6 thoughts on “On Allegory

  1. I’m all for embracing allegory, but I also see the danger in “overallegorizing” the OT. I’ve heard pastors, in an attempt to see Christ in every nook and cranny of the OT, insist that the very pegs used to keep the tabernacle down foreshadowed the nails that pierced our Savior! That seems to me to be too much of a stretch and indicative of the how dangerous allegorical interpretation can become.

    I think that Christ is the ultimate exegetical tool for proper interpretation of Scripture. Being two millennia removed from Him, we have the ability to see both the original intent/meaning of the OT writers as addressing a particular audience/situation and the foreshadowing of Christ’s incarnation, death, and resurrection. I’m not saying anything ground-breaking here. Ultimately, I think allegorical interpretation must find a place within responsible hermeneutics squarely centered in the the historia salutis.

  2. I also find this difficult… I think at a practical level, you can get away with more in a sermon than you could in an exegesis paper!

  3. Indeed! The funny thing is, even though I’d like to find an appropriate place for allegory, I instinctively cringe when I hear it come up in a sermon.

    It’s something that’s quite easy to abuse. Perhaps I should go read some hermeneutics stuff (Thiselton publishes quite a lot on that topic, right?). I just don’t think I can spare the time at the moment. Primary sources first!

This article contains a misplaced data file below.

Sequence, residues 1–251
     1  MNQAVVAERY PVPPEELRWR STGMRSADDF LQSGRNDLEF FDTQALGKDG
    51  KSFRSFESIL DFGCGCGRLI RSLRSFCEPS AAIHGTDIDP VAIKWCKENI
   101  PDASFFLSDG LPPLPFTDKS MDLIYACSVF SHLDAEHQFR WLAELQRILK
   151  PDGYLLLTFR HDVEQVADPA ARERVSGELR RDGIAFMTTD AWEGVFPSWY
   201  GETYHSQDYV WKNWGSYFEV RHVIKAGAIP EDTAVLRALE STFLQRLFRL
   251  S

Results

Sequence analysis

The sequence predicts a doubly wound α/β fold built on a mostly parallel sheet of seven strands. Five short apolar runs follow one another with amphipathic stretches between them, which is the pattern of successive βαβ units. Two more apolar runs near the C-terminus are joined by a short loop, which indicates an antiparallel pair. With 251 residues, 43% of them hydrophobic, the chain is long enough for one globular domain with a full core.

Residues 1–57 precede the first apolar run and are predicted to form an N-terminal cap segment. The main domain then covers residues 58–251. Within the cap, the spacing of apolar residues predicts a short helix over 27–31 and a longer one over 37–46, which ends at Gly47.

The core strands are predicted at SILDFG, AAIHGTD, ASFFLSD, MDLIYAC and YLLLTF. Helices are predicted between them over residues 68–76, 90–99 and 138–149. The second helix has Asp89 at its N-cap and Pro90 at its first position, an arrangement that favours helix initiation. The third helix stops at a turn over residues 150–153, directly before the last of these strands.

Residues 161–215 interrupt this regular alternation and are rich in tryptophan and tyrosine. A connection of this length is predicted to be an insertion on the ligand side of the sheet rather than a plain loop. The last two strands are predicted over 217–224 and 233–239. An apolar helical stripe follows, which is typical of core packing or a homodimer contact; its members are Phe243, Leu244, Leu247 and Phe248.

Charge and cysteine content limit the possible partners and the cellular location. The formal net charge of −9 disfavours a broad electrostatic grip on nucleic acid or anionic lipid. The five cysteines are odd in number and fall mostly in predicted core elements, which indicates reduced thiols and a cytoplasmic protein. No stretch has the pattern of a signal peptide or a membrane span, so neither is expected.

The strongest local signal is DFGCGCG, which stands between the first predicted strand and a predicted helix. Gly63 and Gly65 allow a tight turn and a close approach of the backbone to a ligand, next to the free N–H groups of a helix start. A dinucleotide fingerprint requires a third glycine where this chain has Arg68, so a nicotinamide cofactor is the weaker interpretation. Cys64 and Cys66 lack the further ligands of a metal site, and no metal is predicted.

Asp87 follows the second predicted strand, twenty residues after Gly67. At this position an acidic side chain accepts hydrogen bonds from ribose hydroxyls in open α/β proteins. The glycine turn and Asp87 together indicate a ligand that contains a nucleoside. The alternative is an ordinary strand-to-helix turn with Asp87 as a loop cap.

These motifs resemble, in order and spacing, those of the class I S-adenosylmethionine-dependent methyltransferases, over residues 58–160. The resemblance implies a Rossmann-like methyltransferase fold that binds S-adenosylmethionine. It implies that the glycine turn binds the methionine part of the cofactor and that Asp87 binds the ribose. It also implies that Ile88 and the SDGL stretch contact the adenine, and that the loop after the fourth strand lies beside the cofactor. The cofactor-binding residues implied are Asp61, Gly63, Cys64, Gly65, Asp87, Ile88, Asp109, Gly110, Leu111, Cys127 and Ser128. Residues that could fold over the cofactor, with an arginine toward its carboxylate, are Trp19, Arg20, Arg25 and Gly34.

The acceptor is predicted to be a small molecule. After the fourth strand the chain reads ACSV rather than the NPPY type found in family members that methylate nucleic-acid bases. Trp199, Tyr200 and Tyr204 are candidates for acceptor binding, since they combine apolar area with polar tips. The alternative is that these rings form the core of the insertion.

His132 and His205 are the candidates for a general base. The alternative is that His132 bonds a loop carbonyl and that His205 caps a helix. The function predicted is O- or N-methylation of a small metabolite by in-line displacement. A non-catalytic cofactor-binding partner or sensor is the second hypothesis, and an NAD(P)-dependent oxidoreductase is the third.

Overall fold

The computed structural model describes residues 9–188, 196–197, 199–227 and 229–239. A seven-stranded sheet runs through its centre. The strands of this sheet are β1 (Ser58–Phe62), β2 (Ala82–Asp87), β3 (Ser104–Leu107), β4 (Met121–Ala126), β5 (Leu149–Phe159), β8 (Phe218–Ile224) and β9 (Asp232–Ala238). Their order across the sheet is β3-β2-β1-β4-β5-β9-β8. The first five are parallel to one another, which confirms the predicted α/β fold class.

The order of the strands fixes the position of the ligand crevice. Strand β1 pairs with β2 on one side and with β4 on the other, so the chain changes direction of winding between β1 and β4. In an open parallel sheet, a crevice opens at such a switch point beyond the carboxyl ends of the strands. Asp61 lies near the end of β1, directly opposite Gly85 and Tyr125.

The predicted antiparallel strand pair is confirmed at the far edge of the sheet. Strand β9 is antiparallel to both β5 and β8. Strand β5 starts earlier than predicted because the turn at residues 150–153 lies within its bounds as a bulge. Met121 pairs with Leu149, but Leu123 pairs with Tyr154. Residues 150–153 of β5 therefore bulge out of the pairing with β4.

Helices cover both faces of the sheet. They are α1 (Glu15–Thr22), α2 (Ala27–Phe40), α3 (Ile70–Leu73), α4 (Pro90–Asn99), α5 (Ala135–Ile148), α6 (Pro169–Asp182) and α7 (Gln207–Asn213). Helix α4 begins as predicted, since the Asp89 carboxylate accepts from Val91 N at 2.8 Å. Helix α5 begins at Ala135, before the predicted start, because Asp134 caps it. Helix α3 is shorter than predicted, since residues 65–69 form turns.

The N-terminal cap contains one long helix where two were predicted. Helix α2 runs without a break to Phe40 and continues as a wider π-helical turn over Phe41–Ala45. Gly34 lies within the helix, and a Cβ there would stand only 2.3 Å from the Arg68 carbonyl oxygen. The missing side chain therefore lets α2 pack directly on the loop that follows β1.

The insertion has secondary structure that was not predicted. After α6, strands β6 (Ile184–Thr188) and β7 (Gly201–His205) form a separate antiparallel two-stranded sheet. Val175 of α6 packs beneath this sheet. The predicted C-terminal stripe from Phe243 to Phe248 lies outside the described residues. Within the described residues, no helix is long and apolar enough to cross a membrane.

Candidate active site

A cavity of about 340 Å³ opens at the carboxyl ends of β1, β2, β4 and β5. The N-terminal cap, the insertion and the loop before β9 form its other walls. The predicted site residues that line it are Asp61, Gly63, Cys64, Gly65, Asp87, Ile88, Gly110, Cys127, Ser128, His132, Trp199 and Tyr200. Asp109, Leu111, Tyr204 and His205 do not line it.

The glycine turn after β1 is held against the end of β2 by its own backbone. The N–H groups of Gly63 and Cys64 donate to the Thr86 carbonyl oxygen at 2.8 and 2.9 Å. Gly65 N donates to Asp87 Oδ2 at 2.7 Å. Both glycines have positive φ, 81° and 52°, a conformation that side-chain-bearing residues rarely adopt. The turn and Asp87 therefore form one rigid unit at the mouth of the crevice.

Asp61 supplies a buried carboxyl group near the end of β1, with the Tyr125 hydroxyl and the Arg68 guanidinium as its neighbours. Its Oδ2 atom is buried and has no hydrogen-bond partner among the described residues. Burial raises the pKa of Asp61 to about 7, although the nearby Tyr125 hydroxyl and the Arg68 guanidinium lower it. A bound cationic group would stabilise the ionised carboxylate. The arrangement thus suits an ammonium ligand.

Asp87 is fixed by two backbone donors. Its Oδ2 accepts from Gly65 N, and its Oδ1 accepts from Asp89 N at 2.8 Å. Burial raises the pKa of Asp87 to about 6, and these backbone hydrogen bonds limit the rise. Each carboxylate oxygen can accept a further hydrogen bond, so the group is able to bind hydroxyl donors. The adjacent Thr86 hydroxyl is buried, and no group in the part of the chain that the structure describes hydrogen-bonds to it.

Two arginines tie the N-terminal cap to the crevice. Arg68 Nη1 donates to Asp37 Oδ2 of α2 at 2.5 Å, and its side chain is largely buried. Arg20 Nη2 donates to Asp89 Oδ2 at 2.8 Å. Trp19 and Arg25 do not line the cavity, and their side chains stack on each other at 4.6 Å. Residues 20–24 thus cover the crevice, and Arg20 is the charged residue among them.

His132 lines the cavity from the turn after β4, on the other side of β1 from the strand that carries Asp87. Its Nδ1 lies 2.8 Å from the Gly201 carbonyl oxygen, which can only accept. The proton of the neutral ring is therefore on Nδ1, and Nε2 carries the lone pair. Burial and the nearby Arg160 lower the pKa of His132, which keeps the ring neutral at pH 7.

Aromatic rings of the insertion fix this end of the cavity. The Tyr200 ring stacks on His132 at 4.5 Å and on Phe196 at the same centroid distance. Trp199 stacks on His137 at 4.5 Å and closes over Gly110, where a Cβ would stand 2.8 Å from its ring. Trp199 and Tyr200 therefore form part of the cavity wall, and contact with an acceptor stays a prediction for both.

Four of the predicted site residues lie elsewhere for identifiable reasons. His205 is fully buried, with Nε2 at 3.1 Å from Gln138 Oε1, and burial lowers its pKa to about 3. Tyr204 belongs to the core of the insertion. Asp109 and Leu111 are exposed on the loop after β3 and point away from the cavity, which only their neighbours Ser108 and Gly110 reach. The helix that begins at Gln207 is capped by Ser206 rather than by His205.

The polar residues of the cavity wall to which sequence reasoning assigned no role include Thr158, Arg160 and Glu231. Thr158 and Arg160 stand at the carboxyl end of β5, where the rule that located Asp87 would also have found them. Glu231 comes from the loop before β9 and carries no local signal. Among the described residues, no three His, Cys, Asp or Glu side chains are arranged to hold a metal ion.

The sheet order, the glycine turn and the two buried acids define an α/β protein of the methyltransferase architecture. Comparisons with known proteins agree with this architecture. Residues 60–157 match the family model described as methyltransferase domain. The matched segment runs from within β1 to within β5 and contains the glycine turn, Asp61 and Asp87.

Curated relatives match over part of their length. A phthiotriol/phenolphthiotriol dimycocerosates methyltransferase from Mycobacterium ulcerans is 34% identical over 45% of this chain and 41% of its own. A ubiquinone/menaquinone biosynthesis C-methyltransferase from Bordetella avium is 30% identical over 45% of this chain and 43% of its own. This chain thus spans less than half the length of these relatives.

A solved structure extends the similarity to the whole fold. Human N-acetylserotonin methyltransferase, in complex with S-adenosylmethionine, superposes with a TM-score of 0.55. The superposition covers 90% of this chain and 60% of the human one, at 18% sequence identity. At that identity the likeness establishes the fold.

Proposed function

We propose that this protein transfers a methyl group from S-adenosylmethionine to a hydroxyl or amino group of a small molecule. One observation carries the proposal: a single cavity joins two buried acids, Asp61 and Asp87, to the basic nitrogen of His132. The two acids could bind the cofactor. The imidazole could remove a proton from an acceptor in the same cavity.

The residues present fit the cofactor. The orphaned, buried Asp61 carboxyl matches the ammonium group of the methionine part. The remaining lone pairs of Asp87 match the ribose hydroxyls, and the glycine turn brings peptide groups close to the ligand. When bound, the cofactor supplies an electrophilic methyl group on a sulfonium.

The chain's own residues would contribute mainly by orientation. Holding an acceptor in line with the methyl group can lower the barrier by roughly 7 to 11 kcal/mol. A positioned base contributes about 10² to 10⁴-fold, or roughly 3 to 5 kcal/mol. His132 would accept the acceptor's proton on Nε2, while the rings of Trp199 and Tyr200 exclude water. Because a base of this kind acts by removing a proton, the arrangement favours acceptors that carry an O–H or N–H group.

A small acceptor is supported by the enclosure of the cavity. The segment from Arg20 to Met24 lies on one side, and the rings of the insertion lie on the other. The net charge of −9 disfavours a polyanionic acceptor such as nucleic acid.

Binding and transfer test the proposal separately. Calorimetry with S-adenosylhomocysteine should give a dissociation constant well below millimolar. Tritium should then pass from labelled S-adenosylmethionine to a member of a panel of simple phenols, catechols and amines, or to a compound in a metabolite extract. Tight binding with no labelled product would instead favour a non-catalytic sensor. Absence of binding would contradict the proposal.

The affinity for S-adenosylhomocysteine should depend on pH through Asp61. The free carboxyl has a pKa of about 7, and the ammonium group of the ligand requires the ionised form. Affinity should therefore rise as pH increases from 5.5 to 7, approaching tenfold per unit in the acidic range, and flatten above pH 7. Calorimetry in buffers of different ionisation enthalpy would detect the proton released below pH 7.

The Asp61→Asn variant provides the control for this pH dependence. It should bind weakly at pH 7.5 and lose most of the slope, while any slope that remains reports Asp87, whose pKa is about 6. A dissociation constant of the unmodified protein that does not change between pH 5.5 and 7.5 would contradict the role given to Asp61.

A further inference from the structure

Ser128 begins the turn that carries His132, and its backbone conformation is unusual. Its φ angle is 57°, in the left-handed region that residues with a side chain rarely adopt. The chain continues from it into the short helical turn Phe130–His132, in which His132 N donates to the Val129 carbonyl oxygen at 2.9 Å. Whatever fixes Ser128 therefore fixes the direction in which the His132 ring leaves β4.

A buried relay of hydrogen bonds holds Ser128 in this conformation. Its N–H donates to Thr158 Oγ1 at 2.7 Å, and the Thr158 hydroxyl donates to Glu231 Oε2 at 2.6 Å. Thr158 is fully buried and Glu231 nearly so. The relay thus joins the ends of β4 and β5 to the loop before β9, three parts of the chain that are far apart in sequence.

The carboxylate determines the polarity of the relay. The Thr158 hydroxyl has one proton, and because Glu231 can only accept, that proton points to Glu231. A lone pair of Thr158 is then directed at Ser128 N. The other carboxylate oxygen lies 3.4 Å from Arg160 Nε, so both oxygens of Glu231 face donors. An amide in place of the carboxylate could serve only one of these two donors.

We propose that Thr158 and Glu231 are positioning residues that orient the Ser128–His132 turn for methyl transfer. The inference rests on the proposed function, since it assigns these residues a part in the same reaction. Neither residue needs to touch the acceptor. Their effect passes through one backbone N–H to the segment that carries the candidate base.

4. I agree – I love reading Philo, but I just can’t bring myself to imitate his allegorising like the patristics seemed to do.

    Yeah, thiselton would see an openness to pre-critical approaches such as allegory to be a good thing – to an extent! A good place to start one day is his recent “hermeneutics: an introduction”

  5. Good question! I think figurative readings are already there in the scriptures, so there certainly is a legitimate form of allegorising to be done. An unbounded allegorising though, can find points of ‘connection’ in everything, for everything. That’s the kind of excess the Alexandrians get known for.

    I’ve found E. Clowney really helpful in this vein, he does a lot of good work in connecting OT to NT through typology, etc., without losing the intrinsicality of those connections.

  6. Oh, while I think of it, one good example is reading SoS. Lots of the old commentators used to take it as a spiritual analogy of Christ and the soul. But modern exegetes tend to strip all such readings away.

    Taking a step back, though, SoS really is historically grounded and a beautiful poetic depiction of OT ideals of love, sex, and marriage. But what does the Scripture do with marriage? In the OT it positively and negatively applies it figuratively to YHWH and Israel, and in the NT Paul explicitly says it figures for Christ and the Church. See how that creates an allegorical reading, but one that can deal with both the historical setting of the text and one that is generated by the patterns of Scripture itself.